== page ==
Every Day is makeITsecure day

You may have heard last week about makeITsecure day, an initiative that united the Irish government with a number of organizations, including Microsoft.  As part of the campaign, we were out – on the streets, in the schools, and at a number of high-profile events – discussing issues like phishing, spyware, identity theft, child safety online, and other risks.  Our mutual goals included raising awareness, offering useful tips, and giving people in the broader community a chance to ask the tough security questions they’ve always wanted to ask.

For those of us in the development community, we know that every day is makeITsecure day. We see security as part of process, not something bolted on, and certainly not something we can forget without dire consequences.  We need to understand the issues at play on a much deeper level, plan ahead, and be vigilant. 

These days, we have the good fortune of having exceptional tools to help us design and implement more secure systems.  In Visual Studio Team System demos, I particularly like to focus on how the Team Architect system diagrams allow an architect to check for best practices and identify potential threats before a line of code is written, and long before anything is deployed into the data center.  As another example, the static code analysis of Team Developer helps catch common gotchas at compile time – problems which may otherwise lead to vulnerabilities like a buffer overrun, or a SQL Injection Attack.

I’m currently reading about security implementations in the Windows Communications Framework.  I was pleasantly surprised to see how you can integrate the ASP.NET 2.0 provider models into WCF authentication!  

But I’m sure you all have your own personal focus for security interests.  It’s worth taking a look at the subsection of the MSDN site that’s devoted to security: http://msdn.microsoft.com/security/   And here is an MSDN site devoted to security issues of particular interest to Irish developers: http://www.microsoft.com/ireland/security/

Comments (4)

  1. danger says:

    Why didn’t makeITsecure.ie suggest other more secure browsers like Firefox etc? – It completely ignored the most simple thing people can do to increase net security – stop using the most widely targeted browser for spyware, malware etc. The IT departments of all the companies listed as sponsors of the page know this as a fact, yet failed to inform the public of it.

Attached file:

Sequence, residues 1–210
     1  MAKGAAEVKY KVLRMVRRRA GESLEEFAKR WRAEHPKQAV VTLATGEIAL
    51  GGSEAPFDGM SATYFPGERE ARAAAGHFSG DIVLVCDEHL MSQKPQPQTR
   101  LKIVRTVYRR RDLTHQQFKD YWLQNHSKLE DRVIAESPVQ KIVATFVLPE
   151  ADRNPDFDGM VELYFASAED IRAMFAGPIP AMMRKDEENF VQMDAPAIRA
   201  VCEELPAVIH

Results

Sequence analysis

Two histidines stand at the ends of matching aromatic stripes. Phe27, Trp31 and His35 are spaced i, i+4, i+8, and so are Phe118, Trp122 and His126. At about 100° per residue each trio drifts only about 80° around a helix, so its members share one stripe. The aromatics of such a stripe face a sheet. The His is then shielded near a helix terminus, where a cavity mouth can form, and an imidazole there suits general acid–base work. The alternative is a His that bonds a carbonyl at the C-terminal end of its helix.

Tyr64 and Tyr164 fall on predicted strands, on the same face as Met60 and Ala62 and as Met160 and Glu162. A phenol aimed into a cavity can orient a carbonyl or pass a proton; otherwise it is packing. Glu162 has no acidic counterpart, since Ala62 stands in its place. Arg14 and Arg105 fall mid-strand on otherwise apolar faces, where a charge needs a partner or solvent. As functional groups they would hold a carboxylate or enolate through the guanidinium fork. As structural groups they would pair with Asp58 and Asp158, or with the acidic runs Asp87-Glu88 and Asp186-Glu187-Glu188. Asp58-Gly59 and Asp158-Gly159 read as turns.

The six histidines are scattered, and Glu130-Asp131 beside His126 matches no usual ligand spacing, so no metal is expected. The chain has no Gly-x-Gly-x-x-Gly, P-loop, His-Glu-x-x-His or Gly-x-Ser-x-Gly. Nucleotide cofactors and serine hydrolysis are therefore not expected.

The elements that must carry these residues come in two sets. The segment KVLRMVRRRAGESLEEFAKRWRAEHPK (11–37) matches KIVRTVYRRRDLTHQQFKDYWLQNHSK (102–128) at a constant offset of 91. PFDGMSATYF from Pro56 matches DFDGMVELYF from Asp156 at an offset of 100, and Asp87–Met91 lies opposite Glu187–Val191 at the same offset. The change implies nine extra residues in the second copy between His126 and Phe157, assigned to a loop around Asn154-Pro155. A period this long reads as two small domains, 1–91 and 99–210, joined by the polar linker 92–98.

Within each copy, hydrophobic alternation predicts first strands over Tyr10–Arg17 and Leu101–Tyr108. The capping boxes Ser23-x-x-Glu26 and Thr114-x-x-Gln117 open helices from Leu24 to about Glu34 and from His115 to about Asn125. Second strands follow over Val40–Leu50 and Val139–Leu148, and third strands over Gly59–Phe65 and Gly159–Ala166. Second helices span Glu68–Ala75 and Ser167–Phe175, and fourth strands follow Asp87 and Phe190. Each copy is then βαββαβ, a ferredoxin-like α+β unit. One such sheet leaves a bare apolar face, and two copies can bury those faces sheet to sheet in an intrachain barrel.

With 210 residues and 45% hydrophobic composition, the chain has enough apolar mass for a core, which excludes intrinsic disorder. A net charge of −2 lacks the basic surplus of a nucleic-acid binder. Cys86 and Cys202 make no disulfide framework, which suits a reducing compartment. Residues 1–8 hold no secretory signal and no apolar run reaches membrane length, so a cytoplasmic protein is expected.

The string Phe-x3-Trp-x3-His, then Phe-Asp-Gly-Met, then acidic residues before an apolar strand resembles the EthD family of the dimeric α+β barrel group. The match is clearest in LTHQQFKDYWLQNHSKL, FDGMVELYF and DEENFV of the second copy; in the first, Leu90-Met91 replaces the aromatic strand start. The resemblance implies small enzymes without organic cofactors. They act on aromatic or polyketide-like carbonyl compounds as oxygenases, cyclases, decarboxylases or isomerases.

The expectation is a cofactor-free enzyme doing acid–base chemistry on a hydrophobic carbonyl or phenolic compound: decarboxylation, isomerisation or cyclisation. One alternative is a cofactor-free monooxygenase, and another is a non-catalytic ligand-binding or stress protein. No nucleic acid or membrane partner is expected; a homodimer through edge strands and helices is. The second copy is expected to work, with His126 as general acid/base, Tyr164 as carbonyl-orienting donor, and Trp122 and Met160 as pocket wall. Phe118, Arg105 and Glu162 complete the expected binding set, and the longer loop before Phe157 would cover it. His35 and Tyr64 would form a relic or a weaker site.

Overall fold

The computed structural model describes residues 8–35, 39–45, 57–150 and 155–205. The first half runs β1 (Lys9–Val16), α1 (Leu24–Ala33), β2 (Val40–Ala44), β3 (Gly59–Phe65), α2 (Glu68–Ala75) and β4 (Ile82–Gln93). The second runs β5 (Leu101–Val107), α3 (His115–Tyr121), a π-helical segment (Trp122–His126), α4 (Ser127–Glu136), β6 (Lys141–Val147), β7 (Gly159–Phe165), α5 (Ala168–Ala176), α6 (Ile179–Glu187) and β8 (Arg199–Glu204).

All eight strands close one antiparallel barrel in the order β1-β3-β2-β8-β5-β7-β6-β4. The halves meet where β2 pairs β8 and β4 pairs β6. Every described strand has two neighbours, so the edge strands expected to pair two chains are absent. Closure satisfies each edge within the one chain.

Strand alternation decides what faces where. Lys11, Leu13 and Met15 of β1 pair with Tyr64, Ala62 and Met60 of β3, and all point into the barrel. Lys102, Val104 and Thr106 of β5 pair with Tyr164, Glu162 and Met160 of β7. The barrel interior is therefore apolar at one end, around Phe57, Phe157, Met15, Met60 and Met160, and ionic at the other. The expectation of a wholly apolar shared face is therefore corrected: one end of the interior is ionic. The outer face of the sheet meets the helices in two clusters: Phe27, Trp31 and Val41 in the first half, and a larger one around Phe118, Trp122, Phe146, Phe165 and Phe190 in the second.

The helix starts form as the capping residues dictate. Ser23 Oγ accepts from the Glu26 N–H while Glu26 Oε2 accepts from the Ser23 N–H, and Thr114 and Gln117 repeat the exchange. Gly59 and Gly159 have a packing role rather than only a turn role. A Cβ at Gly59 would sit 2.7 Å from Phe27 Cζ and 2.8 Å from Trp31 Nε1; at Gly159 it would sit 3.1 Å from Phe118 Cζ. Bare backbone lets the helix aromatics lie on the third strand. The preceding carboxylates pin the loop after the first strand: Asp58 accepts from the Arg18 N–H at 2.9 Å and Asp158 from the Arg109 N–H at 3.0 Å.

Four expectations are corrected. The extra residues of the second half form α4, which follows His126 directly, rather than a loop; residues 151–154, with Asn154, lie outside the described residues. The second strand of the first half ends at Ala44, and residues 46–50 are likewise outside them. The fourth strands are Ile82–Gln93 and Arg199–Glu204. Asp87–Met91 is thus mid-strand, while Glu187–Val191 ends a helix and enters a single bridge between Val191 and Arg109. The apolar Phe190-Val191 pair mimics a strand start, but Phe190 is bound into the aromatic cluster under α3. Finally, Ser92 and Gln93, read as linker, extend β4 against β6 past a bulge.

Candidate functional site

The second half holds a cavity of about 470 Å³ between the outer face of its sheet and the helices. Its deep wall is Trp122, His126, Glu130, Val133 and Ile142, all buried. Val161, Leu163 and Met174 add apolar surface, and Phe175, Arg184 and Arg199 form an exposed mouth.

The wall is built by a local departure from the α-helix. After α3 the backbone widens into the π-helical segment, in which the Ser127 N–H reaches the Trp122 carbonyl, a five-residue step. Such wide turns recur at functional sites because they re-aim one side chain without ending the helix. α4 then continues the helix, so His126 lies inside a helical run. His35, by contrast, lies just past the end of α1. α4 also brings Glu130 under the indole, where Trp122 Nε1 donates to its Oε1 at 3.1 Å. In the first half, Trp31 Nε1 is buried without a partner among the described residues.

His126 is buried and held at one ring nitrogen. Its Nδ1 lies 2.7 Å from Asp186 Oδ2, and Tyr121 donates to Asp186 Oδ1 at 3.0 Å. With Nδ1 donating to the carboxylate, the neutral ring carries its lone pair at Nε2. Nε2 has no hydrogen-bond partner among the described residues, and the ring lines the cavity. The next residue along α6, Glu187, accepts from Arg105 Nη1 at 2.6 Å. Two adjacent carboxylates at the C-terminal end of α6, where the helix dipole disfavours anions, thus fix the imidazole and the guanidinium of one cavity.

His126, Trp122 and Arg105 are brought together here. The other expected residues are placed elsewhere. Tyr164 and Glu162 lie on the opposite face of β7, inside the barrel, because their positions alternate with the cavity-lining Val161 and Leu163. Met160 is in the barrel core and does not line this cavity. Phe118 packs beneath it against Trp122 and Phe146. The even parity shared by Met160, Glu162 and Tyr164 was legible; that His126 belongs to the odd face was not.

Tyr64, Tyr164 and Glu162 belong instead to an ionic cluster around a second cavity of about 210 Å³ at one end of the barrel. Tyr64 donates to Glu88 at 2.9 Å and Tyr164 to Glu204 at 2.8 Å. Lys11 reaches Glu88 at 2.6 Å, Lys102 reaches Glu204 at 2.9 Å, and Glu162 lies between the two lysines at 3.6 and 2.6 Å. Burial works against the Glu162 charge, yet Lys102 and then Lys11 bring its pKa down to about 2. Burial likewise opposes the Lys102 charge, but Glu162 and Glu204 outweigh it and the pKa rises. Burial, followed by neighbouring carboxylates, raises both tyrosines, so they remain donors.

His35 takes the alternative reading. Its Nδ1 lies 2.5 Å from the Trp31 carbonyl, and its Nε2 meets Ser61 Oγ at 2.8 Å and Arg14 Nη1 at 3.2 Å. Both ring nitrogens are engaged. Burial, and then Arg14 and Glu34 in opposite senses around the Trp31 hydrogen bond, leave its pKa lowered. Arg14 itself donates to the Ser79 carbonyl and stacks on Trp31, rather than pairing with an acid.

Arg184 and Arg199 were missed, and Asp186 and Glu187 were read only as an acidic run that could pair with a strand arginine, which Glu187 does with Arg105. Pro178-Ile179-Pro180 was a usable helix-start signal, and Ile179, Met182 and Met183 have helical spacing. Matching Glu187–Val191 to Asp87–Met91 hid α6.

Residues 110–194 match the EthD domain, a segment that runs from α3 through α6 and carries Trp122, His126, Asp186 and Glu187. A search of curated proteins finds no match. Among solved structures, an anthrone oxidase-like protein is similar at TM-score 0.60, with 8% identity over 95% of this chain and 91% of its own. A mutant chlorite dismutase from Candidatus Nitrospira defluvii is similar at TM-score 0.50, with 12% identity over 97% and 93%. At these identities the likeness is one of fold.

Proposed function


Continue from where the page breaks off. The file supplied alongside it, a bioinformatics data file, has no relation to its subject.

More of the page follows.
2. Paschal says:

    Yeah yeah we heard that so many times Firefox is more secure, IE not. Sorry danger (whoever really you are) Firefox is no more secure than IE, if you look at the number of patches you got now 🙂

  3. I would agree with Paschal – the latest IE is certainly competitive with FireFox on the security issue.

    A couple of years ago IE was a security disaster, but because it was subjected to so many attacks, it is now significantly improved. FireFox and its predecessors have not had many attacks until recently, and hence the FireFox developers have had to be busy on the security front, but they seem to have sorted out any problems that were discovered.

    I would rate a full patched IE and a full patched FireFox as equal on the security question – the important point for users is to ensure they keep whichever browser they use fully patched (e.g. WinXP SP2 *AND* automatic updates turned on).

  4. RobBurke says:

    Thanks everyone for the comments. I’d agree with Eamon that IE security has come a very long way. And, although I’d rather this wasn’t an us-versus-them discussion, it’s worth noting that other browsers like Firefox are far from immune to security vulnerabilities: http://www.securityfocus.com/swsearch?sbm=%2F&metaname=alldoc&query=Firefox&x=29&y=9

    Security is a process. A thorough security process should involve all of the following:

    – a consistent methodology for identifying serious issues and communicating about them to customers

    – a track record of producing high-quality, timely fixes for security issues

    – a good desktop management/update toolset to make sure those fixes make it onto the machines you own

    – a roadmap for how security, reliability and manageability will continue to improve over time

    I’d expect Microsoft and IE to do very well in any honest evaluation of these 4 points.

    Regarding the future roadmap, the innovations in IE 7 and Vista are particularly noteworthy.

    Rob Franco did a great presentation at PDC05 this year that discussed threat modeling in IE7 and what they did to make it more secure. You can see the session online:


    You can also find security information through searching: